Manual global installation?

I'd like to try Rust as a programming language, but it seems that the recommended installation mechanism, Rustup, automatically creates a number of directories in my home directory and modifies my PATH via ~/.bashrc. This is unsuitable for multiple reasons:

  • I'm somewhat low on disk space, and it doesn't tell me how much disk space it is going to use
  • I manage my dot files with git, so I'd really appreciate it if could do the modifications manually
  • Because I'm low on disk space, I need to install Rust to an odd location.
  • I'd like to use the Rust compiler from multiple users on my system, and Rustup installs locally to my user account by default. This means that I'd potentially need to install it multiple times - further compounding my disk space problem.

Is there an installation guide that shows me the manual installation steps I need to undertake to get Rust installed globally for all user accounts? I'm using Ubuntu 19.04.

It would be really handy if there was an up-to-date apt repository :stuck_out_tongue:

My ~/.rustup is about 3Gb with three different toolchains installed, stable, nightly and armv7 cross-compile.

My ~/.cargo directory is about 600Mb.

dot files could probably be managed with .gitignore.

You could probably install it to an odd location by creating symlinks first.

You could probably allow other users to use it via symlinks as well.

Having Rust in the apt repositories would be terrible, perpetually way out of date as is node.js and the like. I love apt for maintaining stable OS components but it can be very annoying for other things.

Thanks for the info!

Wow, that's huge. I definitely don't have the space to spare to install Rust on my main partition then.

Is there a guide on how to do a manual installation or something? It strikes me that Rustup is just a pretty front-end on top of something.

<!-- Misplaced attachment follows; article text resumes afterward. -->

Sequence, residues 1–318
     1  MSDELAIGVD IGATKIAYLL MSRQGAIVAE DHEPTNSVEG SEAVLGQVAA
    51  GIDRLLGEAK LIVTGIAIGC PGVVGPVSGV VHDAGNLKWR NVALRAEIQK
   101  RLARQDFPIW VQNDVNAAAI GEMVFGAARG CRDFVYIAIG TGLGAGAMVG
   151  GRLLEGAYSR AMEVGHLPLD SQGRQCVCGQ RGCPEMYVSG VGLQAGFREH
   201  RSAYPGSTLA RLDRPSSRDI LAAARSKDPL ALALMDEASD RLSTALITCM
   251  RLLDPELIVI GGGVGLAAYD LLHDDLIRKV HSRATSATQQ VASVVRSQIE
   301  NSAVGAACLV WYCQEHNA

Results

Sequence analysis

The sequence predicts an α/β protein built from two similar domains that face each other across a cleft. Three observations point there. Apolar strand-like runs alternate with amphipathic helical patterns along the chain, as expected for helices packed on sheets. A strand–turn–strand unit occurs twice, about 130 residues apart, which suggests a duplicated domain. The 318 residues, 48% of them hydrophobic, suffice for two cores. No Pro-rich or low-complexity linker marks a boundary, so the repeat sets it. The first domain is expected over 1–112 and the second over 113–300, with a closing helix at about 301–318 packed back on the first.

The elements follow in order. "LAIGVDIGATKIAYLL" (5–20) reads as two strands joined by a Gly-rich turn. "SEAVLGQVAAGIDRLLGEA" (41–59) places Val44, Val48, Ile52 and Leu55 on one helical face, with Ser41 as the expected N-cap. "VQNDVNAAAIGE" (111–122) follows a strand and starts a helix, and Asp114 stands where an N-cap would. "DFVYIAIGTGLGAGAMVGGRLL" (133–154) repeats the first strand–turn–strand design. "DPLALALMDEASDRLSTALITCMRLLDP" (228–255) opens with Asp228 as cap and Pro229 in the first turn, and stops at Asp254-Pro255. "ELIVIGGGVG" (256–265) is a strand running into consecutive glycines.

Rust should be in your apt.

You can also set RUSTUP_HOME to install rustup in a different directory.

Yeah, it is - but it's 1.36 and the latest version of Rust I see on the website is 1.38. I was wonder if there's a more up-to-date repository somewhere?

Ah RUSTUP_HOME sounds like what I need. Is that an environment variable on the script I download with the curl command?

It'll still be a huge pain with sudo -u otherusername and other user accounts, but I can live with it (or simply the old version in the apt repository I guess :confused:).

I do have some packaging skills myself - I have a simple apt repository - so if there's some documentation on the installation process I could package the latest version of Rustup etc. to my liking myself.

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I'd update /etc/profile (or the equivalent for your shell) to contain something like this:

export RUSTUP_HOME=/mnt/path/to/.rustup
export CARGO_HOME=/mnt/path/to/.cargo
export PATH="$CARGO_HOME/bin:$PATH"

That way the rustup, rustc, and cargo binaries are available for all users, and you're telling rustup and cargo that the corresponding .cargo and .rustup directories actually lie somewhere else (e.g. on another partition/disk).

Some useful links:


I'd investigate what the rustup package on arch linux does, because it installs for all users somehow. You can see their install script here.


Thanks! That's helpful.

I'm a bit confused on CARGO_HOME though. The documentation you've linked to says that it's a cache directory, but in the command there you're adding $CARGO_HOME/bin to the PATH? Sounds like it's more than just a cache directory. I'm interested because I'm considering setting up automated cleaning that deletes said directory on a regular basis.

Yeah, it's everything-cargo-does directory, including config, cache for the index, downloaded crates, temporary directories where they're extracted, and installed binaries.

Ah, I see. I definitely shouldn't go deleting that then. In this case, I'd suggest that the documentation be updated to better reflect what it's used for, as it's rather misleading currently.

It only installs rustup for everyone, but each user has to download their toolchain on their own in the default setup.